Thursday 16 October 2014, The Venue, Solidere
——3pm – 4.30pm: Karin Scheper, Researcher, Leiden University
Understanding Islamic Bookbinding Techniques: Western Misconceptions and Forgotten Methods
——5.30pm – 7pm: Huda Smitshuijzen-AbiFares, Arabic Typographer and Founding Director of the Khatt Foundation
The Dutch-Arab Collaboration in the Development of Arabic Typography from the 17th Century to the Present
Followed by a panel discussion with Dr Samir Mahmoud (AUB), Dr Yasmine Nachabe Taan (LAU), Yara Khoury Nammour (Mohtaraf & NDU), Lara Balaa (Maajoun).
Friday 17 October 2014, The Beige Gallery
——12 – 2pm: Workshop with Karin Scheper on The Islamic bookbinding tradition: developments in materials and techniques
——3 – 6pm: Workshop with Huda Smitshuijzen-AbiFares, The design of messages and symbols that challenge media perspectives of the Arab World, with focus on Lebanon
Saturday 18 October 2014, The Beige Gallery
——12 – 3pm: Workshop with Huda Smitshuijzen-AbiFares, The design of messages and symbols that challenge media perspectives of the Arab World, with focus on Lebanon
——3 – 5pm: Workshop with Karin Scheper on The Islamic bookbinding tradition: developments in materials and techniques
//For more information about the program of the exhibition and the additional activities visit the Netherlands Embassy website at: http://libanon.nlambassade.org.//
To confirm your attendance at the lectures/workshops, please send an email to firstname.lastname@example.org before Monday 13 October 2014.
Here below a map of the Beirut Souks highlighting the location of The Venue (for the lectures on Thursday), and the Beige Gallery (for exhibition and workshops) .
400 years of Arabic studies at Leiden University : Imposing collections and varied education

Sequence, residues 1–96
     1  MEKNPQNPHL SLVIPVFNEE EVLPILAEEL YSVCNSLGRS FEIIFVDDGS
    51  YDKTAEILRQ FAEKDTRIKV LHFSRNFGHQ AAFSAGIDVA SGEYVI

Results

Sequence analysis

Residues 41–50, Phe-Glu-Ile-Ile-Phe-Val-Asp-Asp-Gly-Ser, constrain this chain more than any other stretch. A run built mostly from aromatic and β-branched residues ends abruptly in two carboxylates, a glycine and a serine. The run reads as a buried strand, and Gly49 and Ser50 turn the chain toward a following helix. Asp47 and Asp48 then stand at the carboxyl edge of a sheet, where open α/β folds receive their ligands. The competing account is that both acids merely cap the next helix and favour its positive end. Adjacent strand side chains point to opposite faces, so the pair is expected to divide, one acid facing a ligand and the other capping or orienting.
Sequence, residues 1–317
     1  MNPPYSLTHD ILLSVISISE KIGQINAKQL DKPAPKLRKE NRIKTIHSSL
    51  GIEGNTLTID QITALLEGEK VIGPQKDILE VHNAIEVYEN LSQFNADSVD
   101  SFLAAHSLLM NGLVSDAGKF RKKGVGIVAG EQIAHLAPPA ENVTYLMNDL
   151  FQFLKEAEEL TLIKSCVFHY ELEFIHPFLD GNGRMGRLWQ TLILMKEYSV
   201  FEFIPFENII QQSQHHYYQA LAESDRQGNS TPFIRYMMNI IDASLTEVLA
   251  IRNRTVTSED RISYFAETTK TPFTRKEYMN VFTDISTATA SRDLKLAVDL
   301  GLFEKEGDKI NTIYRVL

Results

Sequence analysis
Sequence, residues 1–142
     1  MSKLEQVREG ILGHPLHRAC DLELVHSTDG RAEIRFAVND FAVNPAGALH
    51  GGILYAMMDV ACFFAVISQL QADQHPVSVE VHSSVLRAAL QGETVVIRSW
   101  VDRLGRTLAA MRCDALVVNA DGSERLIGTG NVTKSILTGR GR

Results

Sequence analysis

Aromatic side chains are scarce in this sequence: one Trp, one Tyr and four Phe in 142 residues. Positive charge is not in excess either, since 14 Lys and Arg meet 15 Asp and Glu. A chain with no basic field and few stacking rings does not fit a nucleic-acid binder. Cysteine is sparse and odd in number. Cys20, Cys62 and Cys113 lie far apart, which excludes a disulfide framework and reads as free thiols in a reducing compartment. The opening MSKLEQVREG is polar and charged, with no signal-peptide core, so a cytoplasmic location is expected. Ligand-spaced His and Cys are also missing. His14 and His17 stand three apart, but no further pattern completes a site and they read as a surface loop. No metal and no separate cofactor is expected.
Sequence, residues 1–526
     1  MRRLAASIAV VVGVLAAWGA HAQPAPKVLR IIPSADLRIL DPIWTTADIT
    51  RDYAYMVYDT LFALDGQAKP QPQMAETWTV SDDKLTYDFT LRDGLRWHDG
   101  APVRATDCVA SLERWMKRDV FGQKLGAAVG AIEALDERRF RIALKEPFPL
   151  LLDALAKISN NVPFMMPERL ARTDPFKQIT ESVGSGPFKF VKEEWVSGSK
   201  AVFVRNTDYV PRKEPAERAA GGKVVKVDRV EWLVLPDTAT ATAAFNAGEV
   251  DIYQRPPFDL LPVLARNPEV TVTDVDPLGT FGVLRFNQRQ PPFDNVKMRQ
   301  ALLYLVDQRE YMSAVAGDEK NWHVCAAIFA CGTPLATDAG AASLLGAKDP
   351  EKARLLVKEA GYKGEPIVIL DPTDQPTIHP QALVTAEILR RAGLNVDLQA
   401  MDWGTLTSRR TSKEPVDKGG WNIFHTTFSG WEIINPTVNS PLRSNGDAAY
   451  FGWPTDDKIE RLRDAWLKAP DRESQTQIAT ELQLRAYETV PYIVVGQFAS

Last year Leiden University celebrates its 400th anniversary of the study of Oriental languages and Cultures. It was in the year 1613 that the chair of Arabic was founded, which makes it one of the oldest in Europe. The reasons for studying Arabic were manifold, from an academic interest in the Arabic language and civilization and the need for religious dialogue (and dispute) to the fostering of commercial and diplomatic ties.
This tradition continues in a dynamic department of Middle Eastern Studies with an international scholarly standing. A range of BA and MA programmes address a wide variety of topics both from historical angles and in view of modern developments. This year the University and the City of Leiden celebrate the history and future of the study of Arabic and Middle Eastern Studies in Leiden with a full programme of activities: museum exhibitions, poetry readings, concerts, scholarly meetings and tours.
This longstanding tradition in Oriental Studies is, of course, also reflected in the wealth of the library collections at Leiden University. At present, Leiden University holds c. 4,000 Arabic manuscripts, besides 2,000 manuscripts in Persian and Ottoman Turkish.
The Special Collections of Leiden University
The beauty of Islamic manuscripts is to a large extent defined by the art of calligraphy, miniatures and illumination. These three key-elements also enrich the Islamic manuscripts of the Special Collections of Leiden University. They give evidence of the unity and diversity of decorative patterns in the Islamic world. In order to enjoy the richness of the decorative arts displayed in these manuscripts without having to travel to Leiden, a selection of reproductions of the most beautiful calligraphy, illustrations and illuminations is offered. These aesthetic highlights in reproductions now temporarily return to the cultural context in which they originated. The selection is divided into five themes: calligraphy, depictions of Mecca and Medina and miniatures from scientific works and poetry. The fifth theme focuses on floral and geometric designs: by juxtaposing ornamental highlights from manuscripts to comparable ornament from Islamic architecture, the strong interrelation between the arts is shown.